Labour productivity, hourly compensation and unit labour cost, first quarter 2017
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First quarter 2017
Labour productivity growth accelerates in the first quarter
Labour productivity of Canadian businesses rose 1.4% in the first quarter—the largest gain since the second quarter of 2014 (+1.8%) and the second time in three quarters that productivity growth exceeded 1.0%.
Despite fewer hours worked in the first quarter, business output continued to grow rapidly.
The real gross domestic product (GDP) of businesses rose 1.1% in the first quarter, up slightly from the 0.8% gain the previous quarter. Every major industrial sector except agriculture and forestry increased production in the first quarter. Both goods-producing and service-producing businesses increased their pace of production.
Hours worked to produce goods and services in the business sector edged down 0.3% in the first quarter, following a 0.4% gain the previous quarter. The decline in hours worked in service-producing businesses (-0.7%) more than offset a 0.8% increase in hours worked in goods-producing businesses. The decline was widespread in service-producing industries, led by administrative services (-2.6%), finance and insurance (-2.0%) and arts and entertainment (-1.9%). Retail trade fell 0.9%, while hours worked were unchanged for wholesale trade.
The productivity of service-producing businesses rose 2.0% in the first quarter and was the main factor in overall productivity growth. In contrast, productivity in goods-producing businesses rose 0.9%.
Finance and insurance (+3.3%), wholesale trade (+3.0%), retail trade (+2.8%) and manufacturing (+2.0%) were the main sources of productivity growth among industry sectors in the quarter. Administrative services (+3.1%), transportation and warehousing services (+2.6%) and real estate services (+2.5%) also contributed to the gain.
In the United States, labour productivity of businesses fell 0.4% in the first quarter, after two consecutive quarterly increases. This was the largest decline since the fourth quarter of 2015 (-0.5%). The real GDP of US businesses (+0.1%) rose at a much slower pace in the first quarter than the previous quarter (+0.6%), while hours worked (+0.5%) rose more quickly than the fourth quarter (+0.1%).
Unit labour costs fall
Higher productivity for Canadian businesses (+1.4%) in the first quarter surpassed the gain in average compensation per hour worked (+1.0%). As a result, the labour cost per unit of output for Canadian businesses fell 0.4%, following a 0.4% increase the previous quarter.
Among service-producing businesses, hourly compensation increased 1.3% in the first quarter, while it was virtually unchanged in goods-producing businesses (+0.1%). Only the mining, oil and gas extraction; public services; accommodation and food and beverage services; and information and cultural services industries declined in the first quarter.
Following two quarters of depreciation, the average value of the Canadian dollar relative to the US dollar was up 0.8% in the first quarter. As a result, unit labour costs in US dollars for Canadian businesses rose 0.5% following two quarters of decline.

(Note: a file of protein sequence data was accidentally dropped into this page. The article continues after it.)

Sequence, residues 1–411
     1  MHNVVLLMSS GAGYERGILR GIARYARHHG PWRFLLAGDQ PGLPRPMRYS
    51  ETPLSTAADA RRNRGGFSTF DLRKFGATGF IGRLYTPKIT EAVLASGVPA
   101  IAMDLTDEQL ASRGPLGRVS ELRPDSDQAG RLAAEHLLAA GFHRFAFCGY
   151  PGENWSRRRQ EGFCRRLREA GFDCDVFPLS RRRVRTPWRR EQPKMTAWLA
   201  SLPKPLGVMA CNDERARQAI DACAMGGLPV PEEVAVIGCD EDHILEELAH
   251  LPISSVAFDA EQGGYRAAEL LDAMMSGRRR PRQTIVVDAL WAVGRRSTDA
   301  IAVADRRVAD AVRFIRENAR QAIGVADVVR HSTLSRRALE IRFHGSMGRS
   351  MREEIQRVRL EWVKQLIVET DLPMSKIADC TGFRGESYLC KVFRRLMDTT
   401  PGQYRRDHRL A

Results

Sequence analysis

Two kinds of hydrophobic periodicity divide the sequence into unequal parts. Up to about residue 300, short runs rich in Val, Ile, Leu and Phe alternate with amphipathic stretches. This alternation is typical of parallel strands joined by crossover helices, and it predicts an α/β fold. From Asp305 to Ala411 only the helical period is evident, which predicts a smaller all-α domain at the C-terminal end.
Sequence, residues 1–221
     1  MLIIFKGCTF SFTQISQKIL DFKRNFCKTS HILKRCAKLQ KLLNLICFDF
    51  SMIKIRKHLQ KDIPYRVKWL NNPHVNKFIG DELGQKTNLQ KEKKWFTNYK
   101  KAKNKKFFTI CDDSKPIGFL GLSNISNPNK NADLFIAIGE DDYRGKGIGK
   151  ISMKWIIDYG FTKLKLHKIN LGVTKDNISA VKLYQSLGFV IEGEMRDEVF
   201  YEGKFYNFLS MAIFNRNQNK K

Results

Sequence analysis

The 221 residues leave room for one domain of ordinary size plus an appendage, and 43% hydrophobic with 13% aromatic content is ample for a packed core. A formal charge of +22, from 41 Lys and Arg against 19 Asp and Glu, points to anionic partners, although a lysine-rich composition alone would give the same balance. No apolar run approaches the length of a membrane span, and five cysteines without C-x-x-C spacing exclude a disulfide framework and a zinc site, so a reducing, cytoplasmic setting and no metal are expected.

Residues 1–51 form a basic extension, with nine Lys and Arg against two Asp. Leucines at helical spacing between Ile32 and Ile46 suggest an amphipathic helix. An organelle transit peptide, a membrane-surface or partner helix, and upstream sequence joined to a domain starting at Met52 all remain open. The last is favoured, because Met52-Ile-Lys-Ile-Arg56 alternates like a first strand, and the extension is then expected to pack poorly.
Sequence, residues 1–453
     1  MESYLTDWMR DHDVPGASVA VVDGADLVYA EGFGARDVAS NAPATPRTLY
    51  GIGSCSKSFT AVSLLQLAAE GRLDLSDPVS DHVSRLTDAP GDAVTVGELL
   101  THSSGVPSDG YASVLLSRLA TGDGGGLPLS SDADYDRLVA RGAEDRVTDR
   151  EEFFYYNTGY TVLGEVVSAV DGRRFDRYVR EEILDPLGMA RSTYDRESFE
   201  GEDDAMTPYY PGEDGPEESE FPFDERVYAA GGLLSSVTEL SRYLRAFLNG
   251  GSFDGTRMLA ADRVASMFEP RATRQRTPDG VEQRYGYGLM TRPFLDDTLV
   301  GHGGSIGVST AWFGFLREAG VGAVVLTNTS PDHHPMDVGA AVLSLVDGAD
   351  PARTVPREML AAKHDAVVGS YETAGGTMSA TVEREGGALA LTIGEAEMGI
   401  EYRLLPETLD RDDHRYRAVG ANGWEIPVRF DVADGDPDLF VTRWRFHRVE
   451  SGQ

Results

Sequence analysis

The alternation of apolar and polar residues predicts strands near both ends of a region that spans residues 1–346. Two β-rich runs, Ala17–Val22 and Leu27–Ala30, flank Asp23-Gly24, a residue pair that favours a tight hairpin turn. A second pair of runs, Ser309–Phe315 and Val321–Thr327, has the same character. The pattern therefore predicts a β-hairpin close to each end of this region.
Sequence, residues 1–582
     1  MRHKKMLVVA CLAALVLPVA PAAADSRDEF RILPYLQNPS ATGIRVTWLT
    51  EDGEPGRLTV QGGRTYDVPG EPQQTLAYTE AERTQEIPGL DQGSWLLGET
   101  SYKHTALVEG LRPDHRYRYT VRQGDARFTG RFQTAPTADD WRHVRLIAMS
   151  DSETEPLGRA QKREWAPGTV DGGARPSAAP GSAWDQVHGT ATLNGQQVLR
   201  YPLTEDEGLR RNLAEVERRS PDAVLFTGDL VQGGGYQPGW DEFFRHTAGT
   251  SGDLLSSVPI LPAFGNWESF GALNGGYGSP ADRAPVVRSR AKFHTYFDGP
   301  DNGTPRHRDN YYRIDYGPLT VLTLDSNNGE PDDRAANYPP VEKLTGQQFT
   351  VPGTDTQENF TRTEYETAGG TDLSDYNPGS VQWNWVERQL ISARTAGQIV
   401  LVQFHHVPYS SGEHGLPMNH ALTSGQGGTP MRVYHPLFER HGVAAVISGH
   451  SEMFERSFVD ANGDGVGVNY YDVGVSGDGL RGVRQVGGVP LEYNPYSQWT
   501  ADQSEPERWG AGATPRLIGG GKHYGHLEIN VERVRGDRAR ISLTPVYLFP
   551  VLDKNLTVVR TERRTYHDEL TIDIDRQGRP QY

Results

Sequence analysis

By comparison, the unit labour costs of American businesses rose 0.8%, twice the pace of the previous quarter.
Business sector: Labour productivity and related variables for Canada and the United States – Seasonally adjusted
Note to readers
With this release on labour productivity and related measures, data were revised back to the first quarter of 2016 at the aggregate and industry levels. These revisions are consistent with those incorporated in the quarterly gross domestic product (GDP) by income and expenditure and monthly GDP by industry, published on May 31, 2017.
This release also incorporates the new 2016 benchmark data on provincial and territorial labour productivity and related measures, published on May 19, 2017.
The term productivity in this release refers to labour productivity. For the purposes of this analysis, labour productivity and related variables cover the business sector only.
Labour productivity is a measure of real gross domestic product (GDP) per hour worked.
Unit labour cost is defined as the cost of workers' wages and benefits per unit of real GDP.
All the growth rates reported in this release are rounded to one decimal place. They are calculated with index numbers rounded to three decimal places, which are now available on CANSIM.
All necessary basic variables for productivity analyses (such as hours worked, employment, output and compensation) are seasonally adjusted. For information on seasonal adjustment, see Seasonally adjusted data – Frequently asked questions.
Labour productivity, hourly compensation and unit labour cost data for the second quarter will be released on September 6.
The System of Macroeconomic Accounts module, accessible from the Browse by key resource module of our website, features an up-to-date portrait of national and provincial economies and their structure.
The Methodological Guide: Canadian System of Macroeconomic Accounts (13-607-X) is available.
The User Guide: Canadian System of Macroeconomic Accounts (13-606-G) is also available. This publication will be updated to maintain its relevance.
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